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Paul Crowley

Heh, finally something on which we disagree! I agree that gay marriage is progress, but when did marriage stop being a tool of the patriarchy? I mean that in both the literal sense and the "when did we stop considering it so" sense.

I don't think the State has any business setting out rules about what sort of relationships it plans to recognise, and I think it does so for wholly bad reasons. I'm sorry that so many people seek the State's approval; I think it sends a message that its judgement in these matters is valuable. I'd like to see it get out of that business altogether and abolish the distinction in law so it doesn't have to care. Then we can have gay marriages, poly marriages, "marriages" for sex that last an hour (which some of the Sisters of Perpetual Indulgence already have specific ceremonies for) or what have you, and no-one has to campaign for it - they just have to do it.

You can call this privatising marriage or abolishing it, whichever makes the best/most outrageous slogan...


Well, this married (to an opposite sex partner), straight (mostly), long-time polyamorist sends you and Ingrid her most heartfelt congratulations! If nothing else, I would hope that poly people would see gay marriage as an obvious step on the way to opening up the whole institution of marriage to new forms of family. This is not a zero sum game.

Greta Christina

Paul: I've seen the "there should just be no such thing as marriage, the state shouldn't be involved in people's relationships" argument before. And here's my argument against it. (Apart from, "it's never, ever going to happen.")

Without marriage, the only legally recognized relationships we would have would be those of (a) blood family and (b) business contracts. And I don't want that. I want it recognized, not just by society but by the law, that Ingrid and I are family -- every bit as much family as our blood relatives, and in fact more so.

Without marriage (or something like it, like civil unions or domestic partnerships, which by your argument I assume you're also opposed to), the single most important relationship in my life would have no legal recognition whatsoever. Inheritance, hospital visitation, custody (a moot point for us, but not for a lot of couples), power of attorney if one of us becomes incapacitated, etc. etc. etc.... all of that would automatically fall to my father and brother. And while I am reasonably fond of my father and brother, with all due respect to them, I do NOT want that stuff going to them. I want it going to Ingrid.

Without marriage, or some form of legal recognition of romantic relationships, there is no way for that to happen. There is no way for us to have family that we choose -- just the families we're born with.

And with all due respect, the "marriage is a tool of the patriarchy" argument is more than a bit oversimplified. That's one of the points I made in my pieces How Gay Marriage Is Destroying Normal Marriage -- No, Really and I Do -- And Why. Marriage is an incredibly ancient and complex human activity, and while "tool of the patriarchy" is one aspect of its history, it is only one aspect.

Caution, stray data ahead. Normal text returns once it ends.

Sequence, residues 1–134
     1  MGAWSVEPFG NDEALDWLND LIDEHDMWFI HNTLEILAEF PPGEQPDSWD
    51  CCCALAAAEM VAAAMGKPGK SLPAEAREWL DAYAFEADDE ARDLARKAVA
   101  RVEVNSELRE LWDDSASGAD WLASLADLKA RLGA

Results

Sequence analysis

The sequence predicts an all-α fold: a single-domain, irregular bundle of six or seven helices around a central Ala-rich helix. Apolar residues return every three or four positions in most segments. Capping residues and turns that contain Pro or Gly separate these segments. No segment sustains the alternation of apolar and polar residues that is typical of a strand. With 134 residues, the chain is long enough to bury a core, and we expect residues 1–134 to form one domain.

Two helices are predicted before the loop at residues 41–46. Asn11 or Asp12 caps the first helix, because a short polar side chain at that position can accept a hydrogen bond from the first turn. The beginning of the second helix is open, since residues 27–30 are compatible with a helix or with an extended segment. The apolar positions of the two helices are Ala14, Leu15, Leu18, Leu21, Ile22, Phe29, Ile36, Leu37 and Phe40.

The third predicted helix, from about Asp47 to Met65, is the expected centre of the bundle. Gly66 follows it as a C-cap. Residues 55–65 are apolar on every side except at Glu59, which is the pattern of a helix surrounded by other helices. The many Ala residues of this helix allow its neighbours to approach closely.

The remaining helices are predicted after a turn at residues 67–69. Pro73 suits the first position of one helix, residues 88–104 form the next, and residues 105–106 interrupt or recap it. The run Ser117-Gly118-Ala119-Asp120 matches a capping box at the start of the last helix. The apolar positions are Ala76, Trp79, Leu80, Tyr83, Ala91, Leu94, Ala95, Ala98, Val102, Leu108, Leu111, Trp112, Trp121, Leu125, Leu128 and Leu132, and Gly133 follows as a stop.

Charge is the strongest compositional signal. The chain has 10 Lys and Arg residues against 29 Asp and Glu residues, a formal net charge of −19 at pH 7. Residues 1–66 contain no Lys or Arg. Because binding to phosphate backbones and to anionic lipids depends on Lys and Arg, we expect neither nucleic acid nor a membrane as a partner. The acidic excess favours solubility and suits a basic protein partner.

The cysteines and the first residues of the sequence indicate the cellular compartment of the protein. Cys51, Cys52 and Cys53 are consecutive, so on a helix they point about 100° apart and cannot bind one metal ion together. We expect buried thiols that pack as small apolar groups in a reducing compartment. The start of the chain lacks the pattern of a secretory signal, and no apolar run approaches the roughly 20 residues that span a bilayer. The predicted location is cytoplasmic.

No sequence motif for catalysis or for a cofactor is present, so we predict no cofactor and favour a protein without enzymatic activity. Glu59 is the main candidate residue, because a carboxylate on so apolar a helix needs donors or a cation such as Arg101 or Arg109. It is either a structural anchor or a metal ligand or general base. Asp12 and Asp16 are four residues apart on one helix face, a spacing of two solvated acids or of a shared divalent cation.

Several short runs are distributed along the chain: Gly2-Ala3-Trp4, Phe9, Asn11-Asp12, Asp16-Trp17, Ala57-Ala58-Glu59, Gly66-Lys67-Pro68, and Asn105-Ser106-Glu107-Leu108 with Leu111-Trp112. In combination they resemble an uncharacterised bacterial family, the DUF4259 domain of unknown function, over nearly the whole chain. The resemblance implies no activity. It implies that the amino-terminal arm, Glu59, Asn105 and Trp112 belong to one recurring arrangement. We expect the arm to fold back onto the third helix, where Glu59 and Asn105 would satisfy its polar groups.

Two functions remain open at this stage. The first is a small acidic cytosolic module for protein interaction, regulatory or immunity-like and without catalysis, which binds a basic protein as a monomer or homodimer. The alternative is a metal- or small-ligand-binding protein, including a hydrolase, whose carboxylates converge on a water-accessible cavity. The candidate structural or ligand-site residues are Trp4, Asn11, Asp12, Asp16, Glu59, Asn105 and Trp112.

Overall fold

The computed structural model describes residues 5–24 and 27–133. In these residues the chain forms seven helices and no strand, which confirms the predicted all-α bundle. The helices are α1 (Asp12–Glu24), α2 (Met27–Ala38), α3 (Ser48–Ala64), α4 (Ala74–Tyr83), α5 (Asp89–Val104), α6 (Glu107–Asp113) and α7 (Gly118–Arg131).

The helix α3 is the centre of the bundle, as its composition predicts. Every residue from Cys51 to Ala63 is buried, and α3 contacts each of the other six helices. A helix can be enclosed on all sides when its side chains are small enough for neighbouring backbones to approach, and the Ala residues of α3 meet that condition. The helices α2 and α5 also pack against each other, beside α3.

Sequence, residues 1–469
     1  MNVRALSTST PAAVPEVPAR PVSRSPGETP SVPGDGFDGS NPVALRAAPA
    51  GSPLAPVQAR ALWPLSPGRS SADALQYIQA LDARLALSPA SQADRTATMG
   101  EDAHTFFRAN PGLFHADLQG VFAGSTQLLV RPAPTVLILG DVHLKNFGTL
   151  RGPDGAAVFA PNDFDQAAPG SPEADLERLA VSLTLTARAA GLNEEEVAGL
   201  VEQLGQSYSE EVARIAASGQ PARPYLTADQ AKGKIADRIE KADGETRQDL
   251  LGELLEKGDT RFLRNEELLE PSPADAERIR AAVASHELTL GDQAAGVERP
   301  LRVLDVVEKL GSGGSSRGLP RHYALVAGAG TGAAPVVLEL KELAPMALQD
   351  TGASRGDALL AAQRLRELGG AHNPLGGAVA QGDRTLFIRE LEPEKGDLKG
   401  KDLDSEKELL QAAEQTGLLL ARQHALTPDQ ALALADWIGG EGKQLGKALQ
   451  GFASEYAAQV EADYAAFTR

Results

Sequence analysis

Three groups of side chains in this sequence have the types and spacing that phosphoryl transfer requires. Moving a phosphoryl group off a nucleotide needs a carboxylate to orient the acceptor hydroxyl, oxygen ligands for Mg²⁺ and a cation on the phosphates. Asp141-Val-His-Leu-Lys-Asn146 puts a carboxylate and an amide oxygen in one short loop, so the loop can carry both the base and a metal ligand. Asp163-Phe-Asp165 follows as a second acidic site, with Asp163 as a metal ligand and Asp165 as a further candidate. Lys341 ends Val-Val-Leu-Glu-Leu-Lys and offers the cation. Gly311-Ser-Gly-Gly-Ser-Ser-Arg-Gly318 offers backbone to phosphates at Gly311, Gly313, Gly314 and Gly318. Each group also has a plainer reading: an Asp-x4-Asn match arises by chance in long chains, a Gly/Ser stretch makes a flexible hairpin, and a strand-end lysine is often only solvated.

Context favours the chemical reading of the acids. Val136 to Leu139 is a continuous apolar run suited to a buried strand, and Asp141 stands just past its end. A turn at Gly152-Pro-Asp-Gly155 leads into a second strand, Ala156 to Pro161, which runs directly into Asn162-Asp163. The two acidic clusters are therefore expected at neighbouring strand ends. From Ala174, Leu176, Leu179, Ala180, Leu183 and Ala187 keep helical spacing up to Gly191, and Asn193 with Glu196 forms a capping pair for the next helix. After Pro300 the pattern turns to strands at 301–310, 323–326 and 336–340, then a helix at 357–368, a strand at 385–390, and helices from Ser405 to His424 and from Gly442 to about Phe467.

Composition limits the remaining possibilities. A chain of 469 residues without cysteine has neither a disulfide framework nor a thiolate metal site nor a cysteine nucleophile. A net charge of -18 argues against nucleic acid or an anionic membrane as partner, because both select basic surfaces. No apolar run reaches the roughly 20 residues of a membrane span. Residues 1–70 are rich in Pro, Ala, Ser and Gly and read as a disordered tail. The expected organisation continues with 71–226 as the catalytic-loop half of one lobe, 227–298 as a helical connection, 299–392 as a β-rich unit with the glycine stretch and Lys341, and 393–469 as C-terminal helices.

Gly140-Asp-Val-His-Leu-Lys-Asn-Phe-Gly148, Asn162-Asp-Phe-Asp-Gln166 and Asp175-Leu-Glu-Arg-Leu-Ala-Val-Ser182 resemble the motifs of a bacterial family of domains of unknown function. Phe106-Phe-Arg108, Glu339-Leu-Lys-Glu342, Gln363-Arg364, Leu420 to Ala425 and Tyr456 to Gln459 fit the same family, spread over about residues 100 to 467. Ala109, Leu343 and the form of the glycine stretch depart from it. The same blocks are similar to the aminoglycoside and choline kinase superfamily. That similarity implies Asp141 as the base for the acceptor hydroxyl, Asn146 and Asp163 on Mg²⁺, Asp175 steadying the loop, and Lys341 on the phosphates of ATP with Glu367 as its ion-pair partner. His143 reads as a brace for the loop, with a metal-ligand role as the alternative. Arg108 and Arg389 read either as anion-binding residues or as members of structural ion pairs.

To quote myself, "The history of marriage, and its growth away from ownership and towards equal partnership, is the history of the human race’s maturation. Participating in it means participating, not just in the history and the ritual, but in its growth and change."

And same-sex marriage is, IMO, a huge part of that process of change.

Now, what I *would* like to see is a change in the law that makes it easier for people to designate their chosen family... other than just in marriage. (To some extent we can do that now -- you can give your friends power of attorney, etc. -- but it's very piecemeal, and it's easily trumped by blood relatives if they want to be assholes about it.)

I'm all for expanding our definitions of "family." But removing the legal status of marriage doesn't accomplish that. In fact, it's a step backwards from it. It wouldn't expand how we define family -- it would narrow it even further.

The Nerd

How many times are they going to marry and un-marry the people of California? When will the madness end? It's about time we all realized what needs to be done: marriage for everybody in the nation, or nobody. Anything else is discrimination.


Did I mention I love you? I just sent everyone, even my wife, an email announcing this deadline and asking them to donate. She told me not to spend money this week, but I did. Thanks for the head's up!

(pun intended...)


Greta Christina, you hit the nail on the head. Great essay.

It is huge.


This is almost a year late, but...

What I found interesting is the number of gay couples who traveled to California from out of state during the time that gay marriage was legal there in order to get married, knowing full well that it wouldn't matter once they returned to their solidly non-gay-marriage-friendly state. (In this case it's Ohio, whose voters pushed the marriage-is-between-one-man-and-one-woman clause into its constitution a while back with much less overall notice from the rest of the nation. Maybe because it was a red state for so long?)

The reasons for this are likely the ones you already talked about in your other post about marriage. Part of me, however, thinks, if a couple is going to go to all that trouble anyway, why not move to the state in question and get the legal rights as well as the emotional impact?

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